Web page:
We (Europeans and Americans) are also implicated through our financial systems, with our banks and our governments supporting and funding the same corporations that eventually take the drastic steps of eliminating critics that become too powerful. Cáceres herself accused Hillary Clinton and the US government of being involved in the Honduran coup. But there is a sliver of hope… What this does tell us, is that these activists are making a difference. It tells us that big corporations are afraid, that these activists are a real threat to their interests.
So how can we support these brave campaigners?
That our way of life is so intimately linked to Berta Ceceres’ murder is shocking, but it does mean that we can do something about it. We, ordinary citizens of the West, and of the world, have power – political power, but also consumer power. Don’t buy from companies who are committing human rights violations and environmental destruction. There are better ones. Ethical Consumer ranks companies according to ethical criteria you can choose – look up any product on there to find the most ethical provider. With the Buycott app you can scan barcodes and see what corporation owns that brand and its record. Don’t give them money, and expose what they do (on their social media, on yours, to your friends, whatever floats your boat).Disinvest in banks that fund these companies. Barclays Bank was the subject of protests earlier this month for its funding of AngloAmerican, the corporation involved in the environmental destruction and community displacement in Colombia’s El Cerrejon mine.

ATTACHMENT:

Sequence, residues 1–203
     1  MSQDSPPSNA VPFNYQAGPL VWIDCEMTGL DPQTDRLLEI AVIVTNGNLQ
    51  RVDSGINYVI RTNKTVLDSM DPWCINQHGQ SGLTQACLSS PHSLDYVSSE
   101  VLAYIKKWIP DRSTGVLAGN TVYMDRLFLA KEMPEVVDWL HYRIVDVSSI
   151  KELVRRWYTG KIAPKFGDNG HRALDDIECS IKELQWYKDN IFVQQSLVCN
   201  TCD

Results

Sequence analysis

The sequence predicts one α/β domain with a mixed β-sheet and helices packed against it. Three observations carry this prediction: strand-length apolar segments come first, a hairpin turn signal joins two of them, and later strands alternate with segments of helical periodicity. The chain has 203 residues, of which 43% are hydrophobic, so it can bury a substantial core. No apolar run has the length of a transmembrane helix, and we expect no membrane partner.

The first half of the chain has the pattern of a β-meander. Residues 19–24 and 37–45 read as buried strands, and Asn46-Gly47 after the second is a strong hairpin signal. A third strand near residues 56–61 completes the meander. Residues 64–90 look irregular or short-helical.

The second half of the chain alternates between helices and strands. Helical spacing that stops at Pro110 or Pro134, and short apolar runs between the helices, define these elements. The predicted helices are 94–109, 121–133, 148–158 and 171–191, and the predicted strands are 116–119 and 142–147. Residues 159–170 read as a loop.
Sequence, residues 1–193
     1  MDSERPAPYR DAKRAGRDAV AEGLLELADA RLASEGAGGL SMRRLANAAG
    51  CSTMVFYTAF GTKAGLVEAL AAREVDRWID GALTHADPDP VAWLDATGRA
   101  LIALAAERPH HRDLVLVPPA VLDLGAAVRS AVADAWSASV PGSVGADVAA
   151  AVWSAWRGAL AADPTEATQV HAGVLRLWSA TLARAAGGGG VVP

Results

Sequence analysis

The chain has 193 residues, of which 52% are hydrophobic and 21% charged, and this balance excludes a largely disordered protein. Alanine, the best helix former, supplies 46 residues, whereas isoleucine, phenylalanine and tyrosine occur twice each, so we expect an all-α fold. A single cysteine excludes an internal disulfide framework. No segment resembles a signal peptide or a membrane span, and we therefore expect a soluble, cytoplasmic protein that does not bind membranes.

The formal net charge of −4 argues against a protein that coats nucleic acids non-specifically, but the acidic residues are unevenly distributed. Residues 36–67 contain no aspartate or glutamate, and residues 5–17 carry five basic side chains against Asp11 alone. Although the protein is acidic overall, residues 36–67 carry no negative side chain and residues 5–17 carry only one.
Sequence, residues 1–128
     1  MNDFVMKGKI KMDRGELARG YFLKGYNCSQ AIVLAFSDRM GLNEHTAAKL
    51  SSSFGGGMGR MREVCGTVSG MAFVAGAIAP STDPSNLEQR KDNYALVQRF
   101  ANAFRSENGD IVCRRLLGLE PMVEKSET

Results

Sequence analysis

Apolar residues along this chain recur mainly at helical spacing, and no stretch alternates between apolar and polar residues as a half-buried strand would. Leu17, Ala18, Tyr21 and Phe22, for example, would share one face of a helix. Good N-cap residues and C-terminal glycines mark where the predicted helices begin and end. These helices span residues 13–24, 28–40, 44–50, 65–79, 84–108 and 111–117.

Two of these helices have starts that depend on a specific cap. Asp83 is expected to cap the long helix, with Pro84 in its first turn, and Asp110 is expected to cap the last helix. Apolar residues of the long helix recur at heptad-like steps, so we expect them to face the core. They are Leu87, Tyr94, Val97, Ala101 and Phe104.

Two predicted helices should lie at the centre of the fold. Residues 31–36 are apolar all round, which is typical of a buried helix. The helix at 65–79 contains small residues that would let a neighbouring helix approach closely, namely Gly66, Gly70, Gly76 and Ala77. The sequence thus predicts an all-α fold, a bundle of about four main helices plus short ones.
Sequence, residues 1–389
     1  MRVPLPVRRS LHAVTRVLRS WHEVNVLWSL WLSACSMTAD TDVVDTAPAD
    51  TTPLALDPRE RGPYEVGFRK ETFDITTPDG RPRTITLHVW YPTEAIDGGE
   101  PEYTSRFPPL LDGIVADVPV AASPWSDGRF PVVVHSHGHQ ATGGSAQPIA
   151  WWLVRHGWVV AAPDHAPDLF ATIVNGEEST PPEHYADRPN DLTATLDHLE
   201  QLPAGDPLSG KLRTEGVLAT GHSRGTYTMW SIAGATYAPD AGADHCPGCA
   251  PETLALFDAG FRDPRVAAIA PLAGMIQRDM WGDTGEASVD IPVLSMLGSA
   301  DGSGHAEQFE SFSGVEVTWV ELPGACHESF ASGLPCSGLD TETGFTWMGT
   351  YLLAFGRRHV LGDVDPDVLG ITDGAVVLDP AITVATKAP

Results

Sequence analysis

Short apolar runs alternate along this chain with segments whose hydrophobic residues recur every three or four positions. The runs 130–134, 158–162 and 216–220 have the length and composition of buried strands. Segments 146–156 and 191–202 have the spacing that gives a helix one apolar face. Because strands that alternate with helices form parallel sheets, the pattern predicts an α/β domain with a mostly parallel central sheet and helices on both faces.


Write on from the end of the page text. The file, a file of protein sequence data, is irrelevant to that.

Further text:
We have political power: we do not have to stand for this. Lobby your representatives at the national and international level, make them aware of this issue. Many of these companies are British – we have the power to hold them accountable for what they do abroad. A court judgment in the Hague recently ruled that Shell can be held liable for oils spills in Nigeria. Activism is successful: if you can and want to, donate or support or participate. Activist group BP or not BP played a huge part in the end of the sponsorship deal between and the Tate announced a couple of days ago.Support grassroots movements that fight for environmental and human rights protection – whether it’s just by keeping abreast and raising awareness or donating time or money.
Berta Cáceres’s death was a tragic and unsurprising demonstration of the power of state and corporate interests – let’s use it as a catalyst for us realising we have power to hold them to account too.